“For now we see through a glass darkly; but then face to face:
now I know in part; but then shall I know, even as I am known.”
1 Corinthians 13:12
Not long ago I stumbled upon a brilliant quote that read:
“Those who do not keep journals will be defined by those who do.”
(OK, I didn’t really stumble
upon it because I authored it, posted it, and then
went back and stumbled upon it.) (Link here)
I’ve actually thought a lot about this idea, and still believe it to be true – but I think that I need to add a corollary:
“Those who do keep journals will define themselves – for good or ill.”
So you may think the corollary isn’t as wildly profound as the original quote. Possibly, but let me explain. I won’t waste your time, and you just might thank me later…
Over the past few weeks, I have spent some time looking through my old journals. I was surprised to discover that I have had a miserable life, full of sadness, sickness, loneliness, and frustration. At least that’s what you would think if you read my journals. It turns out that my most prolific journaling times in my life were when I was going through important periods that had a higher degree of difficulty. And I was failing. Two periods stand out as the best examples:
1) When I was a teenager, my dad got a job transfer and we had to relocate. I was miserable. I hated my parents. I was sullen, angry and depressed. And since we moved at the beginning of summer, I had nothing to do – except write in my journal about how miserable I was, and how my parents were destroying my life.
2) On my mission I was a faithful journal keeper – as long as I had negative things to write about. I faithfully wrote down each time I was sick, when my companion was a jerk, when the weather was bad, or when we weren’t having very much success.
Here’s the problem: I have had a great life! I had a happy childhood. I had a wonderful, successful mission. So what gives? Why the deep, dark version recorded for my posterity?
I think I have the answer:
When I’m happy, and things are going great, I don’t bother writing it down, because I am too busy enjoying life to stop and write about it. I may well have written about my companion who drove me crazy, but when the work was good, it was very good, and I just never felt compelled to stop, take a breath, and write it down. In high school I stopped grousing about how unfair my teenage life was about the same time that school started and I made some new friends. But that part, mysteriously, never got recorded.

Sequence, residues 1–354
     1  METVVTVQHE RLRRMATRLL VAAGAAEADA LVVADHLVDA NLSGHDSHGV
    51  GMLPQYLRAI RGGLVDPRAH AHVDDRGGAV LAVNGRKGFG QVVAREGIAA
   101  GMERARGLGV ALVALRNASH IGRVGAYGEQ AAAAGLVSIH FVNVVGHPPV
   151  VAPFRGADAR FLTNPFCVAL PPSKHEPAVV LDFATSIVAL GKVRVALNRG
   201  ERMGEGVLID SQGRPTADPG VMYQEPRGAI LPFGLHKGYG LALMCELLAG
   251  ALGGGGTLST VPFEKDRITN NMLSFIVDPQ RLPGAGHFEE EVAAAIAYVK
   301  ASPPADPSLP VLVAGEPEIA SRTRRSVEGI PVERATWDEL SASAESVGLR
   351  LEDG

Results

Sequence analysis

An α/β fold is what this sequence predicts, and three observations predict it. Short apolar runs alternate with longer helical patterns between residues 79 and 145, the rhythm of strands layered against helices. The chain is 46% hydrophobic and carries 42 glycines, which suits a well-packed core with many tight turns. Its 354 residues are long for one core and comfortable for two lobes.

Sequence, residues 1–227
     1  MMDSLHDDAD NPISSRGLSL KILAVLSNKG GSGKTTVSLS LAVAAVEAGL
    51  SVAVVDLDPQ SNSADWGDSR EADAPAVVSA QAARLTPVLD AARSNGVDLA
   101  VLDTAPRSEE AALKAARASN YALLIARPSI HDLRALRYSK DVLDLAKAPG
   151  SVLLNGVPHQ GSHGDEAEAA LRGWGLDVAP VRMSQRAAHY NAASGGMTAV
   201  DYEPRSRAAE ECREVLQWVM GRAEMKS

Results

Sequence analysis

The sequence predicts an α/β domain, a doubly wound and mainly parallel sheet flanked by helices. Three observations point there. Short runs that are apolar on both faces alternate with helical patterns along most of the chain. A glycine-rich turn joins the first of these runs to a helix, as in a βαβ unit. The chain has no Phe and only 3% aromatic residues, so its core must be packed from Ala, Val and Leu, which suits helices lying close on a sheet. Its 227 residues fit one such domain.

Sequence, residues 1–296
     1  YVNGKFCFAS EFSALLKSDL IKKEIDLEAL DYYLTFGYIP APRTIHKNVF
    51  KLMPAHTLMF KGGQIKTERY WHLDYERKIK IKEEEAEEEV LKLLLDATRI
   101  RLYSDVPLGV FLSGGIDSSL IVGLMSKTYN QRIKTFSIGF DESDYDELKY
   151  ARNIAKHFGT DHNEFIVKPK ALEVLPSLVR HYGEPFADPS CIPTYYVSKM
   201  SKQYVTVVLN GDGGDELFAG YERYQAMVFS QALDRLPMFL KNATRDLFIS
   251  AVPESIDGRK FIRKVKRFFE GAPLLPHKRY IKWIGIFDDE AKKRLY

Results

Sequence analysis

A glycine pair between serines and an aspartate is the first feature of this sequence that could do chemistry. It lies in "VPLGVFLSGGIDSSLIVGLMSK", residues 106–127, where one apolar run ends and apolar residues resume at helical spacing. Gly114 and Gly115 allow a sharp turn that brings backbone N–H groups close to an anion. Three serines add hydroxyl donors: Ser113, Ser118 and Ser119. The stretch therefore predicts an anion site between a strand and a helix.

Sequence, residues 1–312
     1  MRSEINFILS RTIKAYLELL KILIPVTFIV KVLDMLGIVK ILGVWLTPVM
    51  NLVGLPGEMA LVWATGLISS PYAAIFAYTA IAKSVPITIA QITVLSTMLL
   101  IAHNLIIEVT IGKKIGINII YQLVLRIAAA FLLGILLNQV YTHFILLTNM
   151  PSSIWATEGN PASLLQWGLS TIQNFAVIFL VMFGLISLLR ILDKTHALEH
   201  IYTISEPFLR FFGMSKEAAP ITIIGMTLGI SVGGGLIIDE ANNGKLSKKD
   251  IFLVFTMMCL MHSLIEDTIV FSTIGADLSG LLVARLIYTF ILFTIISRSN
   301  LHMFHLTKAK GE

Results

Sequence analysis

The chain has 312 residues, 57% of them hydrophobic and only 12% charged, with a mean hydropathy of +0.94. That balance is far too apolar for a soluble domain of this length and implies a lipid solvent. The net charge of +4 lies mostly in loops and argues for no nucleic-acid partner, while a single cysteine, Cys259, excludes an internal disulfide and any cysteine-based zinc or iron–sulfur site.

The best, but saddest, case in point is that I have rarely written in my journal since I got married. Because I am happy. Ridiculously happy. All of the wonderful experiences that have given my life richness and meaning are undocumented – leaving behind a history that paints me as a poor, unfortunate soul, in pain, in need. (courtesy Ursula)
So, I have volumes of life history that paints an entirely inaccurate version of what my life has been up until now. Sure the dour snippets are accurate in their context, but they were the exception, not the norm.
What do I do? How do I go back and correct the record without looking like I am trying to “shine my halo” for posterity’s sake? Here are some thoughts:
1) Compile my missionary journal with the letters I sent home to create a more balanced view.
2) Scan my old journals and annotate them with comments as I feel necessary.
3) (Shudder) Actually write a personal history that my posterity can look at as the de-facto version of my life.
4) Work some of the positive experiences from my life into my blog, but not with too much detail.
Yikes! They all sound so daunting. So, I raise this voice of warning: Make sure your blog entries and journals are not just repositories of angst – because one day you will look back and wish you had documented the joy along with the pain to really be known as who you really are. And if you don’t I will be there to mock you for not paying better attention to my warning.
One of the most difficult parts in writing a personal history, or keeping a journal is how much “filtering” goes into the endeavor. I don’t want to make it look like I have spent my life carrying a harp and wearing a very shiny halo, nor do my grand-children need to know every sordid detail of what I did wrong in my life – we still believe in repentance, right?
I know people who have thrown away journals from their youth because they looked back and thought they were embarrassing. I find that quite sad.
There are a lot or real writers that read this blog – and many of you just returned from a writer’s conference, brimming with motivation and ideas. Thoughts?
This past week I have been immersed in Family HIstory as I never have before. It has been a fascinating endeavor, and I am grateful for those people who bothered to write things down and keep track.
There is so much to do. I realized the abject silliness of the claim that “All my family history is done.” Even if Aunt Martha has taken every family line back to Adam, and you haven’t written a personal history, you ain’t there yet.
Nothing better than a Sabbath day to sit down and write in our journals…
(This is a revision of a post originally published May, 18, 2011 – it just seemed extra applicable to me this week.)